where is the rotation around the -axis of angle . Similarly is a rotation around the -axis. The decomposition (1) is unique if and . For or , the decomposition is not unique.

In our discussion, we use the concept of trajectory, or path of a particle. Studying the propagation of a wave using the particle picture would not be fully general if we were concerned by the behavior of single particles. But as our goal is to describe all possible trajectories as a whole, it is known that this way of addressing the problem of multiple scattering is correct. As a consequence, we will simultaneously use the wave picture, as equivalent to the statistics of particle trajectories, and the particle picture of the propagating wave. The spin of the particle emerges as an essential ingredient of the theory, after geometry considerations.

We study a medium filled with scatterers and write for the position of the scatterer . The trajectory of the particle is a succession of displacements between points and changes of direction at the points . We call such a change of direction a scattering event. We consider the momentum after scattering events and decompose it into


where is the modulus of , is a rotation matrix (expressed in the reference frame) and is the unit vector of the reference frame along the third coordinate. We choose the local frame for the segment of the path after the scattering event and before the next one. The third coordinate of the local frame is therefore always pointing in the direction of motion.

We remark immediately that the decomposition (2) of is not unique: The Euler angle of can be taken arbitrarily, it is the spin gauge freedom. Here stands a crucial point in our model: The introduction of the local frame is a natural way of introducing the spin, and hence the polarization, into a multiple scattering formulation. If the wave has a spin , there are possible values for the spin component along the direction of propagation, that we label with “” (). At a given point , the field is a superposition of partial fields, which we consider to be plane waves, with different momenta. For simplicity, we may consider all directions of propagation for a fixed absolute value of the momentum. The amplitude of probability for observing the spin state in the frame at point and time is written . In this article, we regularly use the bracket notation for functions: The functions of a variable are written as , instead of . There is no consequence of this notation concerning the physics itself, but we find it more convenient for our purpose, in particular for the introduction of the rotational harmonics in section VI. We then write the amplitude as a bracket product


Polarization is related to the frame of observation and if this frame is changed, polarization is modified according to certain rules. Light polarization, for instance, is turned by an angle if the frame of observation is turned by an angle around the direction of propagation. It is therefore natural to change the basis of representation and use the eigenbasis of rotation along the direction of propagation. Light has two circular polarization states, corresponding to the helicities of the photon. A rotation of angle  creates a phase shift for each circular eigenstate. If is an eigenvalue of the spin operator along the direction of propagation, rotations along this axis commute with the spin operator. Unitarity implies that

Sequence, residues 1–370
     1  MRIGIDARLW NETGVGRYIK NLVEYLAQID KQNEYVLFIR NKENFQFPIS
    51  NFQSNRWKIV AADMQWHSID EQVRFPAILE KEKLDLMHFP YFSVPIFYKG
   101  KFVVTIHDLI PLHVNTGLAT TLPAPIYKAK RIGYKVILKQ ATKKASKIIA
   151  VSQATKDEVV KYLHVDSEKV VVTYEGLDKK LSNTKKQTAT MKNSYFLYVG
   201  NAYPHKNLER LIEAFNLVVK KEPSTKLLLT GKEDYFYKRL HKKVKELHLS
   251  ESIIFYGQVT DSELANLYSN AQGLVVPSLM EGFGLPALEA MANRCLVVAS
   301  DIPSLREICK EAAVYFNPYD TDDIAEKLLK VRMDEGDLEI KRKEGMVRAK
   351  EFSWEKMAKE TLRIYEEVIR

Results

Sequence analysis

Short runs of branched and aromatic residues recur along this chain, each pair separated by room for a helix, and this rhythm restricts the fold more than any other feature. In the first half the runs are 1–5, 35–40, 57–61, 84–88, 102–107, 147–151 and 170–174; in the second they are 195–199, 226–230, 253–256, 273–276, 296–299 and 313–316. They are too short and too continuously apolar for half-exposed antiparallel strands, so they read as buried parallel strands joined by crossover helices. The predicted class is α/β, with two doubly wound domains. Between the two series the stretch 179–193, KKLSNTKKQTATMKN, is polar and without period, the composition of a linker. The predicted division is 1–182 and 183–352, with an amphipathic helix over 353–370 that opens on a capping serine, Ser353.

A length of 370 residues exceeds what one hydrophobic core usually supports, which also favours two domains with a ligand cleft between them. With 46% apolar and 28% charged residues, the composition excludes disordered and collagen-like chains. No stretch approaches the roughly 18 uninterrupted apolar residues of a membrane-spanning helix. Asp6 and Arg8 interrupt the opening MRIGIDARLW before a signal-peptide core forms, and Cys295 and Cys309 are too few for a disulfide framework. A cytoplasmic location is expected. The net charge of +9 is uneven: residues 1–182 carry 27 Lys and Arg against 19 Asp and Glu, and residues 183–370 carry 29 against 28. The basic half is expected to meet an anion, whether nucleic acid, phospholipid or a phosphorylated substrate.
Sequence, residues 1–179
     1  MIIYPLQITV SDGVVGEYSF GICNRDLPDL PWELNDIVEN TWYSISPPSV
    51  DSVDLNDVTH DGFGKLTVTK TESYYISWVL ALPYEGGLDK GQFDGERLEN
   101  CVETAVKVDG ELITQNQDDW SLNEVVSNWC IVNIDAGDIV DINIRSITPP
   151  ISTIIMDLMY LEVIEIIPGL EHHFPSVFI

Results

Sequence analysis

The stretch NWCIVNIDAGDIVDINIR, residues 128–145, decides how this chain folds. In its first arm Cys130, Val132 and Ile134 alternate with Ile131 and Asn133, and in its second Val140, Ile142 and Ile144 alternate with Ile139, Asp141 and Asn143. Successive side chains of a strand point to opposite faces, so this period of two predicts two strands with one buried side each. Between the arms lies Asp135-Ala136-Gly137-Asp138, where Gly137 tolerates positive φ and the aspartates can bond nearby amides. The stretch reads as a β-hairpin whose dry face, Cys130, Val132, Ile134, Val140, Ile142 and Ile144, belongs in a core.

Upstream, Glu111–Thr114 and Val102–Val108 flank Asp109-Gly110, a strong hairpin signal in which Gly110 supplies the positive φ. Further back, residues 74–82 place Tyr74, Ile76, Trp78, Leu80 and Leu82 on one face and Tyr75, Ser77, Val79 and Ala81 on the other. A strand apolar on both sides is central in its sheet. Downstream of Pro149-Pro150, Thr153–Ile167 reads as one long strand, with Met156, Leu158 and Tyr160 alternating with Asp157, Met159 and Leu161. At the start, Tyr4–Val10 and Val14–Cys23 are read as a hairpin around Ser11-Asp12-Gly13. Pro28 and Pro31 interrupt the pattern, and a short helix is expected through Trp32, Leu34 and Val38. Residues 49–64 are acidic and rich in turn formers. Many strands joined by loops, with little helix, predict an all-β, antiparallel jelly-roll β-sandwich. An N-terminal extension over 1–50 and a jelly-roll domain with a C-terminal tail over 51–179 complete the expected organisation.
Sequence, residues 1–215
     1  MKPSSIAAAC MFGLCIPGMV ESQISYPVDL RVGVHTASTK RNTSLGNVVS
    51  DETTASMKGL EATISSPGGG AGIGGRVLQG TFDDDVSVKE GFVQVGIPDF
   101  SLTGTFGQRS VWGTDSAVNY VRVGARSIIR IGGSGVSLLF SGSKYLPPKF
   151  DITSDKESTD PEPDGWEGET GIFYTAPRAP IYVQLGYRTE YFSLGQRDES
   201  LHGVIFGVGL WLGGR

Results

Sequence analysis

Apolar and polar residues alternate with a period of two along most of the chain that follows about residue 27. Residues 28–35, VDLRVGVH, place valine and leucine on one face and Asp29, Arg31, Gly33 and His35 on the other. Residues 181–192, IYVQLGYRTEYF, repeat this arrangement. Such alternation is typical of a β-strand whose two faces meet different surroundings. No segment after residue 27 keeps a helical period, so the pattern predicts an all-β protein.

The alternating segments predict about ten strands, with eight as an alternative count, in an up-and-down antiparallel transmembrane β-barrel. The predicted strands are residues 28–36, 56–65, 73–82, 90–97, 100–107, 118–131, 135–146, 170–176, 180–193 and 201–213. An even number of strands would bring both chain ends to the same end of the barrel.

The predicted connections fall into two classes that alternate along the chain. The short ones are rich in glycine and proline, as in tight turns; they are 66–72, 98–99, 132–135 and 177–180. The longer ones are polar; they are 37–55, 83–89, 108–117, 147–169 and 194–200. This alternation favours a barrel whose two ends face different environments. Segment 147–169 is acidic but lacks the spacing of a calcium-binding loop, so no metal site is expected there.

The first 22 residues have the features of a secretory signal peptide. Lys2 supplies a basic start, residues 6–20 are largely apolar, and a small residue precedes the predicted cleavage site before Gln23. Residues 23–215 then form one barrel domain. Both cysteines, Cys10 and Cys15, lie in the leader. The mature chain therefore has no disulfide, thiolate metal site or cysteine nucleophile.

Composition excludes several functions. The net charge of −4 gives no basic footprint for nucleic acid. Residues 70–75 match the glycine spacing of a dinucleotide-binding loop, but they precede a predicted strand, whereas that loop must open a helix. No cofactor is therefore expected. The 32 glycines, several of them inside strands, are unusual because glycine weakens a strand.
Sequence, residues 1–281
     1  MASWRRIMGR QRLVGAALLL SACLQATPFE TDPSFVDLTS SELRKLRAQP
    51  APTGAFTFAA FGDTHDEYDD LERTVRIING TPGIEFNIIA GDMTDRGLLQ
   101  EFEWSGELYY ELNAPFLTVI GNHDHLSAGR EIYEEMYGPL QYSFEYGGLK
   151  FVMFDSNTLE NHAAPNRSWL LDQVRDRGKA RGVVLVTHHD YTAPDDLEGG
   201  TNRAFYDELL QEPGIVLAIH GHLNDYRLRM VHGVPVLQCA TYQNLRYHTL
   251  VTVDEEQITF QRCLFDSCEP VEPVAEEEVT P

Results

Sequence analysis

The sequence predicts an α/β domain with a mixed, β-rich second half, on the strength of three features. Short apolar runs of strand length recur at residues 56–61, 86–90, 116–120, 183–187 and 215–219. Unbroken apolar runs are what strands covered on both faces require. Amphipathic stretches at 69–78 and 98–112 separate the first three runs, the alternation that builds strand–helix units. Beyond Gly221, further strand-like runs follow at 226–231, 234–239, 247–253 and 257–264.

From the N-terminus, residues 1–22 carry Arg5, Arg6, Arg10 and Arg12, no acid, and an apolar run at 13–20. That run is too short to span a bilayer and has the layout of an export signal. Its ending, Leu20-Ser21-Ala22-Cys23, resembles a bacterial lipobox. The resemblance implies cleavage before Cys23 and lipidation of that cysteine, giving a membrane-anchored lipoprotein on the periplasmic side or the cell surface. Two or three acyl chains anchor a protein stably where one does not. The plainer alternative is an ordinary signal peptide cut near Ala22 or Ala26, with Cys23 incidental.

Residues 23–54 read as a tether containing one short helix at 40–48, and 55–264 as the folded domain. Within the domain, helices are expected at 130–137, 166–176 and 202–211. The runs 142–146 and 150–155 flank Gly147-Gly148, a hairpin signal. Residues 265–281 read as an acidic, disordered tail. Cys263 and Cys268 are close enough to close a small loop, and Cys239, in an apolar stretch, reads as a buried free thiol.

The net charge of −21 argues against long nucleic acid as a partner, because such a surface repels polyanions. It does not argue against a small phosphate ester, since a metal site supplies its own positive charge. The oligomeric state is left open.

on the on-shell states. After these remarks, we shall name the third Euler angle, usually noted , the spin angle.

We have presented a new description of the field at a given point that depends on the local frame and thereby taking into account the spin. We still have to check the completeness of the ket representation . As we have remarked, the direction of propagation is , so that and are orthogonal if . From relation (1) we conclude that non orthogonal and have the same Euler angles except the spin angle, which is arbitrary. Let  and  be two reference frames, we introduce the function to denote


where and are the first two Euler angles of and and the first two Euler angles of . is a kind of Dirac function for rotation matrices, which select frames having the same third unit vector. Using this notation, the condition  is imposed by defining proportional to . We remark that . Finally, the orthogonality of the spin eigenstates yields . From the expression (4) we get the product


where and are the spin angles of and respectively.

The superposition of the partial fields for all directions of propagations is expressed by


The presence of the term is essential. Its role is to add the amplitudes in such a way that the amplitudes in two distinct frames with the same direction of propagation are in phase and do not cancel out. Forgetting this term would make all vanish except , because the exponential term from (4) would be integrated to give . Multiple scattering theories for scalar waves actually only consider the term . The completeness of the Hilbert basis is expressed by the closure formula ( is the identity operator)


The integral over  has been defined in Eq. (7). The description we have introduced in this section will be used in the formulation of the multiple scattering for polarized waves. In the next section we introduce the Green’s operator for the polarized states and its space dependence in the absence of scatterers.